Sadly, now that I’ve watched about half of the episodes in the 8-part first season, I can safely say that this series really does nothing beyond the first episode when it comes to touching upon the state of mind London was in after the Ripper killings (which, even then, was a serious let-down in terms of my expectations). I think the show is supposed to convey that the people are still terrified because the crime is unsolved, but in actuality, with so many other problems and active criminals in old London, it seems as if the Ripper becomes a forgotten shadow once the first crime in the show is solved.
The setting for "Ripper Street" is pretty basic: it’s 19th century London, 6 months after the Ripper last struck. The main character, Inspector Edmund Reid of H Division, is tasked with investigating murders and crimes in a post-Ripper world. He’s assisted on the job by two other characters, Detective Sergeant Bennett Drake and US Army surgeon and former Pinkerton agent Captain Homer Jackson.
And, well, that's about all, folks.
Thanks to its set-up and team of crime solvers, “Ripper Street” has been renamed in my mind as “Victorian England Law and Order meets Sherlock Holmes." Except that the show never focuses on what happens when criminals are taken to trial, so maybe “Victorian England Cops” is a closer analogy. Heck, one of the actors has even joked the show is basically “CSI: Whitchapel.” But no matter what, "Ripper Street" is not a title that aptly describes the show.
Truth be told, I think this incorrectly named show falls under the category of “why do I watch this” more than the category of “I enjoy this,” taking an uncomfortable place next to “Grimm” and the last few seasons of “House.”
I do have some idea of why I keep watching this show, though: if any station could authentically replicate old London, the BBC is the station to do it. The sets, costumes, and event accents that are so strong even I don’t always understand what’s being said bring this historical setting to life. One episode even briefly shows the digging of the tunnels that would one day become the Tube. In many ways, this show brings about odd feelings of nostalgia for this study abroad alum – it’s that authentic, even with its modern television style and pacing.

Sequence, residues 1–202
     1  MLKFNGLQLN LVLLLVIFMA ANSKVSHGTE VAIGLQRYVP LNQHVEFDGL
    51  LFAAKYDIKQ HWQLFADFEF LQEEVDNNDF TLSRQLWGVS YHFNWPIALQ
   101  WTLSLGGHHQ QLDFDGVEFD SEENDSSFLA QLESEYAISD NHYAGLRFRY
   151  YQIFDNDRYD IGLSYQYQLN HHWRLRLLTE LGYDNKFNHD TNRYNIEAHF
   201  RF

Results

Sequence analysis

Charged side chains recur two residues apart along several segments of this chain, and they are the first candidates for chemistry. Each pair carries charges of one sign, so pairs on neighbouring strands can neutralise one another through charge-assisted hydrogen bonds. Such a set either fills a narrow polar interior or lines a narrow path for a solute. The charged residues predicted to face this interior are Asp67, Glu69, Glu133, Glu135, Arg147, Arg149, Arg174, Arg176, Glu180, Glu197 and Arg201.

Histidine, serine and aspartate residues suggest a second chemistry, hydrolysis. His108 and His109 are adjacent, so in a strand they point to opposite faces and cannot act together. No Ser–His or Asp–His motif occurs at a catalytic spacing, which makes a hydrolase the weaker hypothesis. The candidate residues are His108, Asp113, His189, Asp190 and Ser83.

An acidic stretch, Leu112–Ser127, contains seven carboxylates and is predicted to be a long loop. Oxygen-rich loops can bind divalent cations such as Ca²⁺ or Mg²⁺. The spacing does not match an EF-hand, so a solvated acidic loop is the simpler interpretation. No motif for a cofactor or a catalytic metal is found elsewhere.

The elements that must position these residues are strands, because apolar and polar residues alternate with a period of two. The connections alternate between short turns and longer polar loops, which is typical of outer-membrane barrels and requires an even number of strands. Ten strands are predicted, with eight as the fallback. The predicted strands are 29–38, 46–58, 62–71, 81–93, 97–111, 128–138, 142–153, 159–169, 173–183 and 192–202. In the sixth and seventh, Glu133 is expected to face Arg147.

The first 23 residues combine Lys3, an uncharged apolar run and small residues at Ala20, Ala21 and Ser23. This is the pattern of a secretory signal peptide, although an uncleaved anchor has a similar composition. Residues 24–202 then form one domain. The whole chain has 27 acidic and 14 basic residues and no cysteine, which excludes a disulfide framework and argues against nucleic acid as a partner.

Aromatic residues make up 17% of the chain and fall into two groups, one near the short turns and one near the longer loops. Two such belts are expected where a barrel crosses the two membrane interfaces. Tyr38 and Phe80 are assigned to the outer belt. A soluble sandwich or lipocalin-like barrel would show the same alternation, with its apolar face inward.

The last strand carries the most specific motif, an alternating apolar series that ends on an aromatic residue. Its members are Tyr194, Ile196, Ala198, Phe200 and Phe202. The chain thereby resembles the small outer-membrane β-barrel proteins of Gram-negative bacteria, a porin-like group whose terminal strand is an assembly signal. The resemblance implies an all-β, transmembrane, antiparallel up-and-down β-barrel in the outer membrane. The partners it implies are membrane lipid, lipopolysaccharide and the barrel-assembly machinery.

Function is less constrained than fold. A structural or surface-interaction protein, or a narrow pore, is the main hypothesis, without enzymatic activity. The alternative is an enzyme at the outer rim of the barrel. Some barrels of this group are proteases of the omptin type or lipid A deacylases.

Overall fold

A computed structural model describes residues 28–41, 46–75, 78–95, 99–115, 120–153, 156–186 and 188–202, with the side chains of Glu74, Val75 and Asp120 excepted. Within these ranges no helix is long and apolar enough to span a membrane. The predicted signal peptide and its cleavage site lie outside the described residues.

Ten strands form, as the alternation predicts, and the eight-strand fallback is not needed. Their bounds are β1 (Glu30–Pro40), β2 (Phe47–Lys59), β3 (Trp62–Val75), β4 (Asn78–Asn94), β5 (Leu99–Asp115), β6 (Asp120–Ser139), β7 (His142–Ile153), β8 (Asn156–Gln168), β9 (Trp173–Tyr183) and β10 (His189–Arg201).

Also, the opening theme is beautiful. It’s the little things, right?
The crimes committed in the show bounce between interesting, outlandish and boring, which I suppose is true of any crime show but is still something that nags me when I stop and think about what I'm watching. And the cast? The actors are actually doing a good job with what they were given, but therein lies the problem: they were given very little, which, while probably intentional, is a major drawback in my eyes.
Let me put it this way: to this day, I cannot tell you which character is who and what distinguishes them from the others (other than who wears which hat or which suit). Their history, back-story, fears, dreams, goals? Don’t ask me, unless you give me time to go check Wikipedia – that’s how I figured out who in the world the main character’s companions even are when I started writing this blog post. I’m sure each character was briefly explained in the first episode, but now, I’m still waiting to learn more about each character weeks later, and as each episode goes by, I'm forgetting the little bit that I already knew about them.
Maybe I’m being unfair, as shows like “SVU” have had years to subtly work in character arcs and development. But as of now, I’m still waiting for the type of bond I feel with those detectives to form with the characters in “Ripper Street." Having that would certainly add a whole new level of investment to the show for me.
And like I've already said, it’s entirely possible these blank pages in the character’s development are intentional and I just don't like the writing style of the show that much. Still, I can’t help but feel that caring about the characters more than I do would have motivated me to finish the first season by now. Alas, my two reasons to finish “Ripper Street” are to continue to see developments in my old London, and to ensure that I have time to watch “Doctor Who” once it begins again.
Am I the only one who finds that a little sad?
Still, I'll be sticking with this show, because that's just my way: even if something isn't very good, once I start it, I have a hard time stopping. It's one of my greatest flaws and strengths. So for my sake, here's to the last few episodes of season one and/or season two improving on a show that, between its setting and unexplored characters, still has untapped potential and lots of territory to explore.
ADDITIONAL NOTE: After watching several more episodes and nearing the end of season one, I've remembered exactly why I always try to watch a show for more than two or three parts. I can happily report the show did, indeed, get better; while I personally would have reorganized the episodes in a way that better balanced the show's character arcs with the mysteries and action, I'm now confidant that as time goes on I will, indeed, come to love the people in this show. I suppose the writing is meant to be taken as a mystery - which, I admit, is a clever nod to the genre.